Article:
Valleys and Rivers
Crisscrossing this mountainous countryside are several major river systems and countless smaller ones. Honduras shares the largest river in Central America, the Río Coco, with Nicaragua, but contains the second largest, the Río Patuca, completely within its borders. Because the continental divide is quite far south in Honduras, most big rivers drain to the north, into the Caribbean Sea, though four sizable rivers do flow south to the Pacific.
In the western part of Honduras, long a center of human settlement and economic activity, is the broad Valle de Sula, through which flow the 200-kilometer Río Chamelecón (born in the hills by the Guatemalan border near the ruins of Copán) and the much bigger Río Ulúa, draining a huge area of western Honduras in its 400-kilometer course to the north coast. The flat, flood-prone lower part of the Valle de Sula, particularly around El Progreso and La Lima, is one of the principal banana regions of the country.
East of the Río Ulúa, several short but furiously intense rivers pour off the steep flanks of the coastal Sierra Nombre de Dios, notably the Río Cangrejal, near La Ceiba, a favorite among rafters and kayakers. Gathering the waters from the south side of the Sierra Nombre de Dios as well as the mountains of Yoro and western Olancho, the 200-kilometer Río Aguán cuts its path in a northeasterly direction to the Caribbean. The banana companies maintain extensive plantations in the wide, rich Valle del Aguán.
The wild Mosquitia region, in the far northeast corner of Honduras, is home to several large rivers, born in the mountains far to the south. The 215-kilometer Río Tinto and its largest tributary, the Paulaya, both begin in the Sierra de Agalta of central Olancho, and pass through what was once rainforest but is now mostly pastures and small farms. Just east is the smaller Río Plátano, still blanketed by virgin jungle and protected as a biosphere reserve. The mighty Río Patuca, still farther east, courses over 500 kilometers from as far south as the departments of El Paraíso and Francisco Morazán, not far from Tegucigalpa, through Olancho and down to the Mosquitia. Several of the Patuca’s tributaries, including the Guayape, Guayambre, and Wampú, are known for producing gold. The Río Coco, even longer than the Patuca, forms a large part of the land border between Honduras and Nicaragua on its 550-kilometer route to Cabo Gracias a Dios.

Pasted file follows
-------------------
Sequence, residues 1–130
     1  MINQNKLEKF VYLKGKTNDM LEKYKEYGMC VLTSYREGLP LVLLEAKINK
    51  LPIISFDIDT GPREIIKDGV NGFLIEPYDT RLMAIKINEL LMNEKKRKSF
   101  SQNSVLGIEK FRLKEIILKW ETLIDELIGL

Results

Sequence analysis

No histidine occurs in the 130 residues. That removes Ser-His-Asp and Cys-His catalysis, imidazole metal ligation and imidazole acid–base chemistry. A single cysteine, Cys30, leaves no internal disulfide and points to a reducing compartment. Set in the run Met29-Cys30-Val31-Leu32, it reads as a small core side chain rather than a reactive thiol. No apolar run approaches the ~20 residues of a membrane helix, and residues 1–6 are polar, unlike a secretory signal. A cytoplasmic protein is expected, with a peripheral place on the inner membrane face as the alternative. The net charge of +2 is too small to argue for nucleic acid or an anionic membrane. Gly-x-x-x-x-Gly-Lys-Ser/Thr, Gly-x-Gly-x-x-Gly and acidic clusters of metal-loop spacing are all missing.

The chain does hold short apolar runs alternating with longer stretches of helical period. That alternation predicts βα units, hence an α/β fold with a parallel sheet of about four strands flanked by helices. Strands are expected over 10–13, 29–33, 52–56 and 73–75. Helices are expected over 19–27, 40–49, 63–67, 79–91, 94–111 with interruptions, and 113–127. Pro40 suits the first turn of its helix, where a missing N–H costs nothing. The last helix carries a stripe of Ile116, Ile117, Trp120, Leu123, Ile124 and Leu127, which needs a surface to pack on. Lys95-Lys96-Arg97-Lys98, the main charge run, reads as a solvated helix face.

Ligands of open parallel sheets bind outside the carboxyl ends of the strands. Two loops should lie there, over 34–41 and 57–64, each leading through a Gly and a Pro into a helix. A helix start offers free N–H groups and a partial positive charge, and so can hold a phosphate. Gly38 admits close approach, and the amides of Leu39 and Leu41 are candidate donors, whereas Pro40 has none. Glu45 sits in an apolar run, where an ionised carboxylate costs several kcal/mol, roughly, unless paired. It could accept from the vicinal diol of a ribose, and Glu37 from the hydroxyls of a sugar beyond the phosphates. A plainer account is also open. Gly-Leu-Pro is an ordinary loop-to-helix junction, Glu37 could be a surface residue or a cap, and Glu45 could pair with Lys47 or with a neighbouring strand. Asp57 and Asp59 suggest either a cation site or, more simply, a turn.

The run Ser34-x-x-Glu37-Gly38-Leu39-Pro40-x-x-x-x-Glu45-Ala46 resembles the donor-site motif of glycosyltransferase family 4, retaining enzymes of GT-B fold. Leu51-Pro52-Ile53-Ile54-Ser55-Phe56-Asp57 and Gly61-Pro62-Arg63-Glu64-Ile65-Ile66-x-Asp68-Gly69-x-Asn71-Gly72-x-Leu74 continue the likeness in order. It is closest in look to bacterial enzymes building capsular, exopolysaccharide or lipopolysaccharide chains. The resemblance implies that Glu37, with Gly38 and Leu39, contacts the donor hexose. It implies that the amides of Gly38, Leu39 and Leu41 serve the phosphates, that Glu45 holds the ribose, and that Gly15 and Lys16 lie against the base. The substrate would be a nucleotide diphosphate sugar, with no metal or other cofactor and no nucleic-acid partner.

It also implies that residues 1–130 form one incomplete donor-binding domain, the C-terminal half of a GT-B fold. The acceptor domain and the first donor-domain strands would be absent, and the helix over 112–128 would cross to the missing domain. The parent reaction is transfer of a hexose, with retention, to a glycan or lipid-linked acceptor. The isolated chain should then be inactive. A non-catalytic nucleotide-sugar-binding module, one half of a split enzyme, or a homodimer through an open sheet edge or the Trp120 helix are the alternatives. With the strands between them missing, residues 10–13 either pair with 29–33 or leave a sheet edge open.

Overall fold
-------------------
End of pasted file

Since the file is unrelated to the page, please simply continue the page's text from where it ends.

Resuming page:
On the south side of the country, the largest river system is that of the Río Choluteca, which takes a convoluted horseshoe route starting off in a northerly direction through Tegucigalpa, then coming around in a sweeping 180-degree turn to empty into the Golfo de Fonseca on the Pacific. West of the Choluteca are the smaller Río Nacaome and the Río Goascorán, the latter forming part of Honduras’s border with El Salvador.
The so-called Honduran Depression cuts a lowland gap through the country, following the Río Ulúa, up the Río Humaya into the Valle de Comayagua, over a low pass and down to the Pacific along the Río Goascorán. For many years, successive Honduran governments hoped to build a transcontinental railway along this route, which at its highest point, on the continental divide, is only 870 meters. Another major tributary to the Ulúa, the Río Otoro, also almost meets the Pacific-flowing Río Lempa, separated by a pass of 1,050 meters.
Numerous intermontane basins of varying sizes, usually between 300 and 900 meters above sea level, are located throughout Honduras. The larger ones, like the Valle de Comayagua (Comayagua), Valle de Catacamas (Olancho), Valle de Jamastrán (El Paraíso), and Valle de Sensetí (Ocotepeque), are intensively worked for crops or cattle, or both.
© Chris Humphrey and Amy E. Robertson from Moon Honduras, 5th Edition